to it's right (if a counter-clockwise or left-hand star).. Fair everyting up and snip close to the knot... the line will retract a bit and
hide the end.
Now, the moment of truth... take the plug and, with a 'screwing' motion, put it in the tube you're using. It should fit with just a bit
of effort and resist pulling out without the same amount of effort. Here is also why we were sure to have the outer case and
the star knot top all "going" in the same direction: by looking at the star you can tell
which way the plug rotates to put it in easily. If it fits, pat yerself on the back: if not,
make another one and put this one in the lucky bag for future use.
17) Piece de Resistance: The cork plug. Take a cork that you have to work a bit to
fit into the tube, insert it about 3/16" and then mark around it with a pencil or a pen.
Using a SHARP utility knife, cut the disc free from the cork and carefully insert it into
the tube so that it is just below the lip, then push it into the tube using the plug until
the plug "seats" against the lip. Obviously, you'll do this ONLY for the bottom plug,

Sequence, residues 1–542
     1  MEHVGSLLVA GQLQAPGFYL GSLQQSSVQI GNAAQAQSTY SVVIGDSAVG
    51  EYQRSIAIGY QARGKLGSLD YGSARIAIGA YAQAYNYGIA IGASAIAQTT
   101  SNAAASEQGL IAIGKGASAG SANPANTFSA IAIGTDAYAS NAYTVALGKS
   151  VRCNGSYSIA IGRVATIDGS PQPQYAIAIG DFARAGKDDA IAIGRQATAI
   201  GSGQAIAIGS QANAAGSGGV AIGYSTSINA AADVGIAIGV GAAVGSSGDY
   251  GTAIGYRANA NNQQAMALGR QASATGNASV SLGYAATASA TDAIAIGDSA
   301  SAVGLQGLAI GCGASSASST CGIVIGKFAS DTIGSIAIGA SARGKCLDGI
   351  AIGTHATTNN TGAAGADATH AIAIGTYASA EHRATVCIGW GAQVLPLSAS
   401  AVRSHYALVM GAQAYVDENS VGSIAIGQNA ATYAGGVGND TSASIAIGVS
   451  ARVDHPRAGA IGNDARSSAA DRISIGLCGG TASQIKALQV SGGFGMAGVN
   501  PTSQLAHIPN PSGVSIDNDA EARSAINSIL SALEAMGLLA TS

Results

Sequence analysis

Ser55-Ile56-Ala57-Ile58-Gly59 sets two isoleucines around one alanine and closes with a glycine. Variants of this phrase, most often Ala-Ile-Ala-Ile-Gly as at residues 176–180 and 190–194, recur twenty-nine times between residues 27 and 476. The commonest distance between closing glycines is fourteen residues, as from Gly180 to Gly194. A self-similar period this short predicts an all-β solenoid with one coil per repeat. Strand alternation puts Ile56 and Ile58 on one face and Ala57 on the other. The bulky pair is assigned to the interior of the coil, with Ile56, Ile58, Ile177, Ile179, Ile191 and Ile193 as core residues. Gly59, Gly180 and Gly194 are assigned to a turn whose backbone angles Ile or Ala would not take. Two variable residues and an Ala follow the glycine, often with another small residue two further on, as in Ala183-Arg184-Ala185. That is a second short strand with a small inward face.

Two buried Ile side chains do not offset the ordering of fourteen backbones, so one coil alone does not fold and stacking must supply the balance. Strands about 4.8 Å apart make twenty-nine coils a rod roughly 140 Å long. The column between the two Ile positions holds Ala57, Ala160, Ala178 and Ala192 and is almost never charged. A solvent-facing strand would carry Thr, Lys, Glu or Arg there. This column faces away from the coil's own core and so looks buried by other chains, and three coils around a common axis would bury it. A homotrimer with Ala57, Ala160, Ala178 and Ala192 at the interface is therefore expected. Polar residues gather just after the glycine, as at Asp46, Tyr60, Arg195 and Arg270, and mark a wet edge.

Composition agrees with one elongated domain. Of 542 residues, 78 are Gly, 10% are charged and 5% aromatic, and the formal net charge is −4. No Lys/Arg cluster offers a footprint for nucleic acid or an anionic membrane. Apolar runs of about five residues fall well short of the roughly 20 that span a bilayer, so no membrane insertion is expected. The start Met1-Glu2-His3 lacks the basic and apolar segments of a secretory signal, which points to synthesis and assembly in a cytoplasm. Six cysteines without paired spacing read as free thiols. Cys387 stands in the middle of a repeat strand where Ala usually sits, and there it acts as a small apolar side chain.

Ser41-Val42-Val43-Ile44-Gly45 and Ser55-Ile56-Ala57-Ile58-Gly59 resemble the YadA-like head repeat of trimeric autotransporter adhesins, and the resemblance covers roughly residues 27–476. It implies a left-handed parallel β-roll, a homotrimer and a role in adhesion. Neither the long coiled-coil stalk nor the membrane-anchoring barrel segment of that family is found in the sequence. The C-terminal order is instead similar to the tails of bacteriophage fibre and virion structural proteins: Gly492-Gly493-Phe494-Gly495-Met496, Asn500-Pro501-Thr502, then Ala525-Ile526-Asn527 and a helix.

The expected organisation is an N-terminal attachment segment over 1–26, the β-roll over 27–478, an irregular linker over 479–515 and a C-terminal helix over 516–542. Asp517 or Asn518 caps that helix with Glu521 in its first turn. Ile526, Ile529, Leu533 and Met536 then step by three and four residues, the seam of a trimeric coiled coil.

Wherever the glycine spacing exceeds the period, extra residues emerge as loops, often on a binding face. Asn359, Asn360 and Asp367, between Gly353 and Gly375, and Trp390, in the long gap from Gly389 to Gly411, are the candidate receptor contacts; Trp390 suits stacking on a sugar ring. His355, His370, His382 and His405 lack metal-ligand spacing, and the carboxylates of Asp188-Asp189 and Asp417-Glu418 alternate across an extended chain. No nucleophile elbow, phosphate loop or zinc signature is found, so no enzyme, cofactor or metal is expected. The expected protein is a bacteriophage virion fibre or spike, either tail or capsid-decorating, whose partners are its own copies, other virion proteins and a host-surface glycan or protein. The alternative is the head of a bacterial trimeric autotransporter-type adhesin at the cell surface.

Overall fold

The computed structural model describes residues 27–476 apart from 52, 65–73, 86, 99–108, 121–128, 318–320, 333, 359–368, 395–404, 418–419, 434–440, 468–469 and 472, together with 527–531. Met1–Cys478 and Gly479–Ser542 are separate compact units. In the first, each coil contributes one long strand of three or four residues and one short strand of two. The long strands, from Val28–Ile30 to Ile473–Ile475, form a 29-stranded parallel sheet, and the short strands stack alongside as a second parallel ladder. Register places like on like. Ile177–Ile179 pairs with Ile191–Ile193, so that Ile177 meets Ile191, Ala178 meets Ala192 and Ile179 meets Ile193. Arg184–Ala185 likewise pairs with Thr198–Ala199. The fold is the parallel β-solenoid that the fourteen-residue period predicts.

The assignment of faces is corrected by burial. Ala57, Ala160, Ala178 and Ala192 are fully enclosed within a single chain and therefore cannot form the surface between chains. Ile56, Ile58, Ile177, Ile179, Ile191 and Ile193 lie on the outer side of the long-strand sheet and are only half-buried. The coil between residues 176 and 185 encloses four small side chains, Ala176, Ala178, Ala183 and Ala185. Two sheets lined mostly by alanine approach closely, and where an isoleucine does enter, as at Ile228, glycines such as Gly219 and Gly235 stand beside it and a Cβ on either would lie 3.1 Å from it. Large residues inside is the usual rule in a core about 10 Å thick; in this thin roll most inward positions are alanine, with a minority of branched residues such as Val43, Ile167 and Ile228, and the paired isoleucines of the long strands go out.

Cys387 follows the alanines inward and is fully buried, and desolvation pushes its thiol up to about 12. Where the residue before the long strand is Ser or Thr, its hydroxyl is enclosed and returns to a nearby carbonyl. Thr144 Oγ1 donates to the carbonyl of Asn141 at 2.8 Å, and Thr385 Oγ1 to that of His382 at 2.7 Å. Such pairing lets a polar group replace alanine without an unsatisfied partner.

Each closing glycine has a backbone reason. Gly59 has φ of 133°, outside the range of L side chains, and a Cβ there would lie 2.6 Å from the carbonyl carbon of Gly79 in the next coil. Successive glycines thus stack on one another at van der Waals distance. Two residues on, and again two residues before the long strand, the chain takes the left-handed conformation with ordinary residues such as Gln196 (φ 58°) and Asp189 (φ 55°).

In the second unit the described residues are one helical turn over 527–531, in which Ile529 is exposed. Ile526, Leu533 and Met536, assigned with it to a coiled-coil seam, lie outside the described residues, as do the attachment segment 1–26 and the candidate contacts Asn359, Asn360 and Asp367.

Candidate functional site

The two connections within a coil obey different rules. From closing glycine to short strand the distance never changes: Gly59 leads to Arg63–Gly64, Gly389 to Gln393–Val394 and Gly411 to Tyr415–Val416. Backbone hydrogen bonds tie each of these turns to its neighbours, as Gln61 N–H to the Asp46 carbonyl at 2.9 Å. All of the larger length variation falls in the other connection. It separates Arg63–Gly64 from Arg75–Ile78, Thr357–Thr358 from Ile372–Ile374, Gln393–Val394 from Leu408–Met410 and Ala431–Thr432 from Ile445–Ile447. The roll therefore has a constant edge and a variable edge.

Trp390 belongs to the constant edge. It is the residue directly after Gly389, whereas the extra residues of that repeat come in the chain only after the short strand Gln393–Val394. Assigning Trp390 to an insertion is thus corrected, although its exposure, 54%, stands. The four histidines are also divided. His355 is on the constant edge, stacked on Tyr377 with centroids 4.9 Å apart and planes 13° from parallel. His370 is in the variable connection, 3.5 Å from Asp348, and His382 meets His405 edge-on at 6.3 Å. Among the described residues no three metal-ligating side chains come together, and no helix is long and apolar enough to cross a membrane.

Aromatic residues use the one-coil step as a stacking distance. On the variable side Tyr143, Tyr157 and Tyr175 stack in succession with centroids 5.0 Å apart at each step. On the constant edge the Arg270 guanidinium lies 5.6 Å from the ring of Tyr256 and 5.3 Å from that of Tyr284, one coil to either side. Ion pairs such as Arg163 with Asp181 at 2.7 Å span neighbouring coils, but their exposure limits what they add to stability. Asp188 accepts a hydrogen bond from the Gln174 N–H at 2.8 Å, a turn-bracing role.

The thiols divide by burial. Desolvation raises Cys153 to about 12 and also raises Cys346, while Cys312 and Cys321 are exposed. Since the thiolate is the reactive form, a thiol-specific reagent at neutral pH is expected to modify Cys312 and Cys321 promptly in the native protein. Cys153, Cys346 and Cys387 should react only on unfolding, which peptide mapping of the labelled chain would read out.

since sealing the top is sorta fruitless. I put a logo and the customer's name on the
disc with the date. This provides a watertight seal as well as giving the needle tips
something to "bounce" against other than the plug.
18) Finally, securing the top plug. Since this is a needlecase and
since all my items are designed to be 'working" tools, we need to
ensure that the top plug does not come adrift in use or in storage in
a sea chest. To do this, take the awl and pierce thru the topknot
stem, then reeve a small piece of thin line thru it. Fasten one end to
the bottom plug (or drill thru the end of the bamboo case or, if grafted,
secure it under the bottom turkshead... your choice of how to do this...
and put a monkey's fist in the other end. Now you pull on the line from
top to bottom to loosen it and remove the plug and when finished, re-insert the plug and pull the free end to tighten up and retain the plug. If
you wish, put another monkey's fist in the line as shown on the "Tally-Ho" case.
Salty-looking, serviceable and one heck of a gift! If you get frustrated, I sell 'em made to your order!
As always, if you have suggestions, comments, complaints or money for me, please contact me by EMAIL. Thanks and good luck!
|Finished needlecase plug of #15 cotton
inserted in 1" i.d. case.
A fairly tight fit,
but still backed by a cork disc.
Some views of the finished plug, seated
cork and the grafted body, in this case
the customersupplied a piece of 1-1/4"
PVC pipe he wanted this made with.